Shared Prosperity Lost

October 18, 2010 at 5:09 pm

Describing the social and economic costs of growing income inequality, economist Robert Frank explained in yesterday’ New York Times that while the first three decades after World War II were a time of broadly shared prosperity, income gains over the next three decades went almost entirely to the very wealthy. You can see the striking contrast in the graph below.

In the first generation following World War II, a rising tide really did lift all boats. Incomes for families just 20 percent up the income ladder, median-income families halfway up the ladder, and families 95 percent of the way to the top all roughly doubled between 1947 and 1973, after adjusting for inflation. The period since then has been a different story altogether.

The chart shows the divergent trends between the rich and everyone else since the 1970s that we have analyzed in greater detail here and here.

As we also noted recently, the average middle-income American family had $13,000 less after-tax income in 2007, and an average household in the top 1 percent had $782,600 more, than they would have had if incomes of all groups had grown at the same average rate since 1979.

That’s something to keep in mind as the President and Congress decide which of President Bush’s tax cuts to extend — and which to let expire on
schedule at the end of this year. After all, as we have noted, each year the average millionaire gets about $125,000 from the Bush tax cuts, according to the Urban-Brookings Tax Policy Center.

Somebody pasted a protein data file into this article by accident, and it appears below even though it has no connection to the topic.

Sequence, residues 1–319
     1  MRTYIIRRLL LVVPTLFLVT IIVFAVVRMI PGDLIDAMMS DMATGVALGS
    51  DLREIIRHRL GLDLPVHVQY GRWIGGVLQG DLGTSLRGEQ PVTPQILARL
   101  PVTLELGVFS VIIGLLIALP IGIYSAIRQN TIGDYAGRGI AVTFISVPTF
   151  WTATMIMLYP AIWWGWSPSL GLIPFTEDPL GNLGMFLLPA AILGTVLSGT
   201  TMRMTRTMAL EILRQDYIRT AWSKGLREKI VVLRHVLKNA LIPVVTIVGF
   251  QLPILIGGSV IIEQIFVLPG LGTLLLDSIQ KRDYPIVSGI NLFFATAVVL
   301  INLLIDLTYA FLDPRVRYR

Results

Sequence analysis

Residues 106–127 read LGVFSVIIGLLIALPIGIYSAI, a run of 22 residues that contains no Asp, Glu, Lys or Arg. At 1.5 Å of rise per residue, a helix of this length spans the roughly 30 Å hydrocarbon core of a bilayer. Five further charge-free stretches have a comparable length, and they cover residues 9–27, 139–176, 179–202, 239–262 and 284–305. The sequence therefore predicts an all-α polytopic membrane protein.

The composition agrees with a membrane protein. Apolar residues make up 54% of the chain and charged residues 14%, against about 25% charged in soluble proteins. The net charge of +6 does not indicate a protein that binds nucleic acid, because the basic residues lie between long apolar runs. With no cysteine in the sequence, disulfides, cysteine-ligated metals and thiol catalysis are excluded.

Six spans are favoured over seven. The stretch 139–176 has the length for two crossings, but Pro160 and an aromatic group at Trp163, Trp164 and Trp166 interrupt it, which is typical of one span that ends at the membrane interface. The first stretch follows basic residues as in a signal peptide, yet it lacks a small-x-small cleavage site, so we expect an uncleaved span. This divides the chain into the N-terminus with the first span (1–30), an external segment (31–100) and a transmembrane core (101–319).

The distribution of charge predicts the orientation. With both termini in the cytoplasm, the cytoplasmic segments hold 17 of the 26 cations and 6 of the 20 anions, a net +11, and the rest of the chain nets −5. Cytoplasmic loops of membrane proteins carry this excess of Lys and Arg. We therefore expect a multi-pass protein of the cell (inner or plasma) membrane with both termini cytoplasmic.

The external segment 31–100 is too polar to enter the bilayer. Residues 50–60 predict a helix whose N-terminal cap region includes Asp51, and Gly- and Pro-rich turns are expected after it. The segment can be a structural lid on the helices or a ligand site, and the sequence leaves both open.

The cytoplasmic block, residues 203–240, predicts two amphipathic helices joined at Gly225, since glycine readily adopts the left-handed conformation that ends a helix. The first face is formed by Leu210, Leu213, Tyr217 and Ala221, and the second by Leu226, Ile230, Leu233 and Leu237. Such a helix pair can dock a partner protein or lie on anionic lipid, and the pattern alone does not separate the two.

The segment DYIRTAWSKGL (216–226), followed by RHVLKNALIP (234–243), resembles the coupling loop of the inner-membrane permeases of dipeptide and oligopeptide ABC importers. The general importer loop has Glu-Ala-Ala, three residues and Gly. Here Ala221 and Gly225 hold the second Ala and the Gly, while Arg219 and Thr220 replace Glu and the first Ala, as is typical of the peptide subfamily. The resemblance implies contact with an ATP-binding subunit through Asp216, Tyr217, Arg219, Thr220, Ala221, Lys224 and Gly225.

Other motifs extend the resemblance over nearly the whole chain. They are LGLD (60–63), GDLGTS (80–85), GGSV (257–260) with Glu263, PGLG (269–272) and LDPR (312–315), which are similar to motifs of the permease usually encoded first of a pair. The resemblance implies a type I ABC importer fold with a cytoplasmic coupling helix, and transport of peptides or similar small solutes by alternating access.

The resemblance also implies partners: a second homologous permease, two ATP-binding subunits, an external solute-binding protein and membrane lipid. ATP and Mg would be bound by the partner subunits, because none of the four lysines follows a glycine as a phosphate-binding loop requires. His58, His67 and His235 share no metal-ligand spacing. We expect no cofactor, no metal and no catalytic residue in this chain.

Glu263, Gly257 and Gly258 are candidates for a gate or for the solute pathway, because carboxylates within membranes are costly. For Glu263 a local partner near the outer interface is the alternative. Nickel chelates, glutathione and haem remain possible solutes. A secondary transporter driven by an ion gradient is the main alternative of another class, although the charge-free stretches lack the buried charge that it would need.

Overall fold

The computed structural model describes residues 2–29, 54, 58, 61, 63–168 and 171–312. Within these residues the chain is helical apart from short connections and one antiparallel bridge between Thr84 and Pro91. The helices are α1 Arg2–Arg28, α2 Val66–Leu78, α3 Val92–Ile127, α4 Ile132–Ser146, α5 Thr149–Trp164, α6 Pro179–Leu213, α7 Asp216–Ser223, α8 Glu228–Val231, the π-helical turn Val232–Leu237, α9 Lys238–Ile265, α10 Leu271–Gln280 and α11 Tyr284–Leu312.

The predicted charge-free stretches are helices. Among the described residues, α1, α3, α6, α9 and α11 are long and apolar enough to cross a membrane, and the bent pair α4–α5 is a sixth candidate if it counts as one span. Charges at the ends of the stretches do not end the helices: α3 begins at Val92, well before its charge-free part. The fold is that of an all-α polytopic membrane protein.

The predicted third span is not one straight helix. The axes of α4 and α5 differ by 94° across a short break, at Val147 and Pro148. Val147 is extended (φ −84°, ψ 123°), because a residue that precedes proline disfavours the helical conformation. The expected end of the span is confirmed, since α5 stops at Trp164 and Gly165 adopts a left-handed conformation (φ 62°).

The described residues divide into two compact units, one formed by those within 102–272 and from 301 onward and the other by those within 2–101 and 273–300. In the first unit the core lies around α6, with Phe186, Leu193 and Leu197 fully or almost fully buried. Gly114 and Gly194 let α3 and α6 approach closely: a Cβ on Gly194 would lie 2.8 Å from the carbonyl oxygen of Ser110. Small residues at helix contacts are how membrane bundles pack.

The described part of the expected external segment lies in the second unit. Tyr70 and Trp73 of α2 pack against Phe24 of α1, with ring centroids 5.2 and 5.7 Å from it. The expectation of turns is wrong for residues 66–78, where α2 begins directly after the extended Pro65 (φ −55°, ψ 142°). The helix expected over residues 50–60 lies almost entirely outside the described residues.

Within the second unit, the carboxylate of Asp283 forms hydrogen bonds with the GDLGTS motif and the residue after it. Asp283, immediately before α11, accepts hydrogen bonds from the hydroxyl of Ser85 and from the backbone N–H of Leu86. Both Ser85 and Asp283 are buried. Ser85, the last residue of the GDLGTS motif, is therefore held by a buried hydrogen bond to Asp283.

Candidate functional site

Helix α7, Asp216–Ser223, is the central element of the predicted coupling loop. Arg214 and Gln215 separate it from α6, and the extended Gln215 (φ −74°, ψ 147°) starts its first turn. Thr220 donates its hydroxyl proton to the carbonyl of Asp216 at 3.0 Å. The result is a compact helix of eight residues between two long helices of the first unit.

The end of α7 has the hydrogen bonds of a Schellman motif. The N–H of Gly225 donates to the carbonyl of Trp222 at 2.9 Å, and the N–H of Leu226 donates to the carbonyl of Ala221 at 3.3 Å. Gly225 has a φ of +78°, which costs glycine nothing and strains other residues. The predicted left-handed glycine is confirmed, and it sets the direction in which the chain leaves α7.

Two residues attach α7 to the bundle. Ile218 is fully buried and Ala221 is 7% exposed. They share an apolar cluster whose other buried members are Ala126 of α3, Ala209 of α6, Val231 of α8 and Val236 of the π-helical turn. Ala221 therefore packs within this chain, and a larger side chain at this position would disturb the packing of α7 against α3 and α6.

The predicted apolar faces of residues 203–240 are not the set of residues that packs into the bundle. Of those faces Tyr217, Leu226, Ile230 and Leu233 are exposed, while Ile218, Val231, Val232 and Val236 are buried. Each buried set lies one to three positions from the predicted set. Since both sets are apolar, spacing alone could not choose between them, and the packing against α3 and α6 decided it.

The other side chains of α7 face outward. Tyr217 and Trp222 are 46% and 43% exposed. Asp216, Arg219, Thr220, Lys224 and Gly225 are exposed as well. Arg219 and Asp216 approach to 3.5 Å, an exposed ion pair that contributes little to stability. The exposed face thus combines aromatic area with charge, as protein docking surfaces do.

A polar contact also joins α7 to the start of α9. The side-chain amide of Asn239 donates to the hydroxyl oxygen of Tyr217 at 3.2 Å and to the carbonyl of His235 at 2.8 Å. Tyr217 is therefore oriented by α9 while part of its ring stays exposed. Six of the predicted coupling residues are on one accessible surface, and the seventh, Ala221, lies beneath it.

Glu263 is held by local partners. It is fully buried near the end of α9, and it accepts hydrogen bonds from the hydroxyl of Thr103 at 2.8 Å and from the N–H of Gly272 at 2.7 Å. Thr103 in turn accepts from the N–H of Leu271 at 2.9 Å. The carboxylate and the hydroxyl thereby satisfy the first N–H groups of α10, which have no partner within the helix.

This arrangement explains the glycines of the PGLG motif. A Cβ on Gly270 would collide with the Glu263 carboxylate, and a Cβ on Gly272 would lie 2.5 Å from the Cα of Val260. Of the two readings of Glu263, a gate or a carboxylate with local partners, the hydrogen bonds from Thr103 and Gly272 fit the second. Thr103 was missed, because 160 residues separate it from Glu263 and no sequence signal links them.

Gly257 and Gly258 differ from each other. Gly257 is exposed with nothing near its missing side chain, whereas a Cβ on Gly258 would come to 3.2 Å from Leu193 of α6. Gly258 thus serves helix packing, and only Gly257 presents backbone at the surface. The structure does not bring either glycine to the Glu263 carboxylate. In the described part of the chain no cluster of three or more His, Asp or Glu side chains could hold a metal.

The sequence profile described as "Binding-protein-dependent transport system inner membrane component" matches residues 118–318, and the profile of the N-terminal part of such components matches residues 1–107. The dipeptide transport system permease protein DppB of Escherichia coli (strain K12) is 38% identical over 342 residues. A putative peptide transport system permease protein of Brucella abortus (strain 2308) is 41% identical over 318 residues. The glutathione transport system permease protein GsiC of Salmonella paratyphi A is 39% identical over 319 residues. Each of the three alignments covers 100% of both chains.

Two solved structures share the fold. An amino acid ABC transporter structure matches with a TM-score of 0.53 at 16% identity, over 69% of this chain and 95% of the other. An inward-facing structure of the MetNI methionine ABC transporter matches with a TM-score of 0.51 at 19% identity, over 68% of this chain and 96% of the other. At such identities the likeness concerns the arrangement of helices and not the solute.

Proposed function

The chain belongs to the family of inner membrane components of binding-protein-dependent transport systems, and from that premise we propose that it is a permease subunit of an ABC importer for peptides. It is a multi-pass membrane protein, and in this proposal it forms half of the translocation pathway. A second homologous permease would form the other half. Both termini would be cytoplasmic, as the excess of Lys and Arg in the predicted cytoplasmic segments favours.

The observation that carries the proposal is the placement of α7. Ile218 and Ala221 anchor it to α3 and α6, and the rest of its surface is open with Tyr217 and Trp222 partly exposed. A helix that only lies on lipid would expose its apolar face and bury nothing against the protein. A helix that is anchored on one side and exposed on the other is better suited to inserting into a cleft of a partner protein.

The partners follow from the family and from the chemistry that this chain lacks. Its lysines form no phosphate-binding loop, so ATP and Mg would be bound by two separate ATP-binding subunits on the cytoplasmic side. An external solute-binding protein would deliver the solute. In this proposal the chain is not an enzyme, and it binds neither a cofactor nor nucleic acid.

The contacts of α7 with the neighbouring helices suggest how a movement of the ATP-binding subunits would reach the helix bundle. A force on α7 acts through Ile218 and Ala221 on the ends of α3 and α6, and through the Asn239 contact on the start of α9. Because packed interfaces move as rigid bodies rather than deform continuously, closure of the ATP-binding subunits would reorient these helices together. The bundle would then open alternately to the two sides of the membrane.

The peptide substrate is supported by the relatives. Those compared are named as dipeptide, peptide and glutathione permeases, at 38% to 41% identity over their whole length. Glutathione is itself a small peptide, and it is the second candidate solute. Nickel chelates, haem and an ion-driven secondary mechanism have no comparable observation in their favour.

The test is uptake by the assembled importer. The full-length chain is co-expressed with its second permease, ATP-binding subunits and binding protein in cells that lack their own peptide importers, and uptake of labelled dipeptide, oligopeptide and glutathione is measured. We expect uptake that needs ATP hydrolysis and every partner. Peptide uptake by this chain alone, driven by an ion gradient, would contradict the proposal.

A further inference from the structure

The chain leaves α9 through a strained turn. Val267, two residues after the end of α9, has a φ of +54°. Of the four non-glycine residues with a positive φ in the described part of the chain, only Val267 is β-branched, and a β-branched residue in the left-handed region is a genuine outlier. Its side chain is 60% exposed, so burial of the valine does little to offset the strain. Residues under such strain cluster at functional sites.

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More About Chad Stone

Chad Stone

Chad Stone is Chief Economist at the Center on Budget and Policy Priorities, where he specializes in the economic analysis of budget and policy issues. You can follow him on Twitter @ChadCBPP.

Full bio | Blog Archive | Research archive at CBPP.org

3 Comments Add Yours ↓

Comments are listed in reverse chronological order.

  1. Thomas Jenkins #
    1

    I agree with you entirely. Throughout the nation, particulaly in states like Michigan, Indiana,Ohio and deep south as a whole. While the norther states have enjoyed a solid middle class standard of living buying/building new homes sending their children to college with employer provided health insurance.

    The south with its right to work mentality never has never enjoyed a similar such a life. Now that many were beginning to pull themselves out their near poverty existence they a re once again being pushed down. Lacking necessary skills to change they are seeing their lives sliding down. Unemployment is rife in South Carolina and in all likelihood will stay rhat way for a long because the leadership has been more interest party ortodoxy rather than the economic problems facing the people they represent.

  2. 2

    If the wealthy do not share in their prosperity, they are useless to the rest of us. And since their own wellbeing ultimately depends on a robust economy, they are destroying the foundations of their own wealth. Considering the wealthy are effectively running things, their combined actions smack of incompetence.

  3. 3

    and an average household in the top 1 percent had $782,600 more, than they would have had if incomes of all groups had grown at the same average rate since 1979.



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